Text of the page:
Crosstalk captured between muscles, neural networks in biohybrid machines

March 10, 2020

WASHINGTON, March 10, 2020 -- Scientists watched the formation of a self-emergent machine as stem cell-derived neurons grew toward muscle cells in a biohybrid machine, with neural networks firing in synchronous bursting patterns. The awe-inspiring experiment left them with big questions about the mechanisms behind this growth and a proven method of capturing data for continued study of bioactuators.

In a paper published in APL Bioengineering, from AIP Publishing, the authors were able to capture many of the mechanisms at work where neurons and muscles are cocultured. Using a platform they designed, which holds a suspended neurosphere and several types of muscle cells in different compartments, their work is the first to report a 3D neuromuscular junction in an open platform with multiple muscles.

"The most impactful result is the emergence of a machine where actuators (muscles) emerge from a droplet of a mixture of cell-extracellular matrix, where neurons form a network all by themselves," author Taher Saif said. "It is where neurons reach out to the muscles to form neuromuscular junctions, resulting in a machine that we can operate by shining light, and yet we do not understand with certainty how all of this happened."

Neuromuscular junctions are the source of motor activity, with motor neurons firing to cause muscles to contract. In tiny biorobots using muscle cells as actuators, the ability to tune parameters would allow more precise designs with desirable characteristics and predictable behaviors. Yet, the emerging field of biohybrid robots, including intelligent drug delivery, environment sensing and biohybrid blood circulation pumps, needs proven experimental methods.

"This stage can be compared to the time of Wright brothers trying to fly when potential applications were far and away," Saif said. "The field of biohybrid robots is trying to explore whether machines can at all be made with living cells and scaffolds, what are the scaling laws, and what are the minimum conditions for their emergence."

The authors closely examined the morphology of the neuromuscular units that formed, applied optical stimulation to quantify muscle dynamics, recorded electrical activity of neurospheres and identified mechanisms for modulating bioactuator behavior.

"This is a new design paradigm for biological machines, such as biohybrid robots," Saif said. "Here, the bidirectional interactions emerge and take their own course. If we can understand these interactions, we will be able to guide and modulate them to optimize outcomes, such as high muscle force or synchrony in neuron firing."
The article, "Development of 3D neuromuscular bioactuators," is authored Onur Aydin, Austin P. Passaro, Mohamed Elhebeary, Gelson J. Pagan-Diaz, Anthony Fan, Sittinon Nuethong, Rashid Bashir, Steven L. Stice and M. Taher A. Saif. The article will appear in APL Bioengineering on March 10, 2020 (DOI: 10.1063/1.5134477). After that date, it can be accessed at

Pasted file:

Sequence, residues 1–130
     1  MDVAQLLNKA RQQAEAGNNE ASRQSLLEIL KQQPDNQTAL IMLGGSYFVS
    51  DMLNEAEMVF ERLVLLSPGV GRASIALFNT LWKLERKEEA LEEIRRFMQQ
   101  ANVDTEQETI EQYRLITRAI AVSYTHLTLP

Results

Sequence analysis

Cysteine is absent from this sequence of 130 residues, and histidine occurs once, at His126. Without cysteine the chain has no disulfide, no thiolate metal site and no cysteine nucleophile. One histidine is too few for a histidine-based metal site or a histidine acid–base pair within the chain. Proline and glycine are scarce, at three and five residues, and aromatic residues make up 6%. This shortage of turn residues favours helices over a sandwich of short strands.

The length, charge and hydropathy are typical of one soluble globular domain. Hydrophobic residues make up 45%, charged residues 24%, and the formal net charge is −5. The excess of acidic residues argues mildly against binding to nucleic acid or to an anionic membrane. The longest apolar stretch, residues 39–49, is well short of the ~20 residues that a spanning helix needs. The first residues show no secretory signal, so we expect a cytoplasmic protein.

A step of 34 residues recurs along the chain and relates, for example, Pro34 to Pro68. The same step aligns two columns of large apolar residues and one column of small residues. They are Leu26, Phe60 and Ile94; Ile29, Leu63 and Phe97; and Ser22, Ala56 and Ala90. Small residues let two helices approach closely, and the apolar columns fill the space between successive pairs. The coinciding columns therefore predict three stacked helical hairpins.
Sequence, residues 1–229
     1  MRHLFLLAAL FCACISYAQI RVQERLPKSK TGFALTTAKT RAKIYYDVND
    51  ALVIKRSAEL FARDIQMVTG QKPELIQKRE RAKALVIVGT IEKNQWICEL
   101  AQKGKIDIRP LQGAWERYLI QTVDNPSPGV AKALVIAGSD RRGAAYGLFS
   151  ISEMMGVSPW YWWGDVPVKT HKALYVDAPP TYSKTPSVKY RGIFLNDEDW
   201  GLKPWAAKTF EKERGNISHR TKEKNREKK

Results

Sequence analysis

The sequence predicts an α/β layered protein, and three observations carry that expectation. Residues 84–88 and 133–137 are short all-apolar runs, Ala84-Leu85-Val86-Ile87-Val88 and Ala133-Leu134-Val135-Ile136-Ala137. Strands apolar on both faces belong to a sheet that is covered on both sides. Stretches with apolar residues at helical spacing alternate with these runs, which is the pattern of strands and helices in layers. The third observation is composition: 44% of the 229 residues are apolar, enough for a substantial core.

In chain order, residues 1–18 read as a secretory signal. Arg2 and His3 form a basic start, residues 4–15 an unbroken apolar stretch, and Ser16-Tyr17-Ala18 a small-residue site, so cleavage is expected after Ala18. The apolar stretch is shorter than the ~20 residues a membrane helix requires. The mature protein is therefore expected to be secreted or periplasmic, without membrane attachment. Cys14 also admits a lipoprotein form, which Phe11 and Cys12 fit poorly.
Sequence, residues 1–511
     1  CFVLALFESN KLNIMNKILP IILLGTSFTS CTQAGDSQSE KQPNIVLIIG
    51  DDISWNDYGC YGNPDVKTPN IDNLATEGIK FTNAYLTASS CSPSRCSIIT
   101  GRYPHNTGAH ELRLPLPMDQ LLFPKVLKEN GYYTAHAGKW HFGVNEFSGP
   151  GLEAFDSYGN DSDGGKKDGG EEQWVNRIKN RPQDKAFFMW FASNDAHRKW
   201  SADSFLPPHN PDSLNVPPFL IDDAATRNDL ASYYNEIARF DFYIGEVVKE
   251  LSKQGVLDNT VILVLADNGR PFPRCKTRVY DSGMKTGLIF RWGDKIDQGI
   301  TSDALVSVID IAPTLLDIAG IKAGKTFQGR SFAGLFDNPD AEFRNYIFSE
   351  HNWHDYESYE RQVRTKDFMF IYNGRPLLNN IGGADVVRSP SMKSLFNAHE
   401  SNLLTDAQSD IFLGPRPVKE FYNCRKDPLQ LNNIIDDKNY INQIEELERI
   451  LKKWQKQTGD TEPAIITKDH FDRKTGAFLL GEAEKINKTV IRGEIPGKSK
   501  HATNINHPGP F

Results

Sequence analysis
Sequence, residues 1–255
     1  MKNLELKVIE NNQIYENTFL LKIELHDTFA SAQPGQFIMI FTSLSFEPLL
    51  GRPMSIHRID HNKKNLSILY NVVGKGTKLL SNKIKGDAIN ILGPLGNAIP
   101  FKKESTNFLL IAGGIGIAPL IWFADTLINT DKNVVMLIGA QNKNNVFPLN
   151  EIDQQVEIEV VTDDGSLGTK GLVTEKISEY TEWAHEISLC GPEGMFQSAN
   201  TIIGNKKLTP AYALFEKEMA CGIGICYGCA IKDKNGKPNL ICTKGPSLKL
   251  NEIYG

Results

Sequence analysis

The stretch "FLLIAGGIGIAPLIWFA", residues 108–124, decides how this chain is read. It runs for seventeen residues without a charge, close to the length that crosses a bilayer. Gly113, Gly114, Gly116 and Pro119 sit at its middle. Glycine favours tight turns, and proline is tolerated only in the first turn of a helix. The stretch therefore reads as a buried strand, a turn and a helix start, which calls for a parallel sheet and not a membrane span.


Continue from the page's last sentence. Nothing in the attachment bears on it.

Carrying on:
APL Bioengineering is an open access journal publishing significant discoveries specific to the understanding and advancement of physics and engineering of biological systems. See

American Institute of Physics

Related Neurons Articles from Brightsurf:

Paying attention to the neurons behind our alertness
The neurons of layer 6 - the deepest layer of the cortex - were examined by researchers from the Okinawa Institute of Science and Technology Graduate University to uncover how they react to sensory stimulation in different behavioral states.

Trying to listen to the signal from neurons
Toyohashi University of Technology has developed a coaxial cable-inspired needle-electrode.

A mechanical way to stimulate neurons
Magnetic nanodiscs can be activated by an external magnetic field, providing a research tool for studying neural responses.

Extraordinary regeneration of neurons in zebrafish
Biologists from the University of Bayreuth have discovered a uniquely rapid form of regeneration in injured neurons and their function in the central nervous system of zebrafish.

Dopamine neurons mull over your options
Researchers at the University of Tsukuba have found that dopamine neurons in the brain can represent the decision-making process when making economic choices.

Neurons thrive even when malnourished
When animal, insect or human embryos grow in a malnourished environment, their developing nervous systems get first pick of any available nutrients so that new neurons can be made.

The first 3D map of the heart's neurons
An interdisciplinary research team establishes a new technological pipeline to build a 3D map of the neurons in the heart, revealing foundational insight into their role in heart attacks and other cardiac conditions.

Mapping the neurons of the rat heart in 3D
A team of researchers has developed a virtual 3D heart, digitally showcasing the heart's unique network of neurons for the first time.

How to put neurons into cages
Football-shaped microscale cages have been created using special laser technologies.

A molecule that directs neurons
A research team coordinated by the University of Trento studied a mass of brain cells, the habenula, linked to disorders like autism, schizophrenia and depression.

Read More: Neurons News and Neurons Current Events is a participant in the Amazon Services LLC Associates Program, an affiliate advertising program designed to provide a means for sites to earn advertising fees by advertising and linking to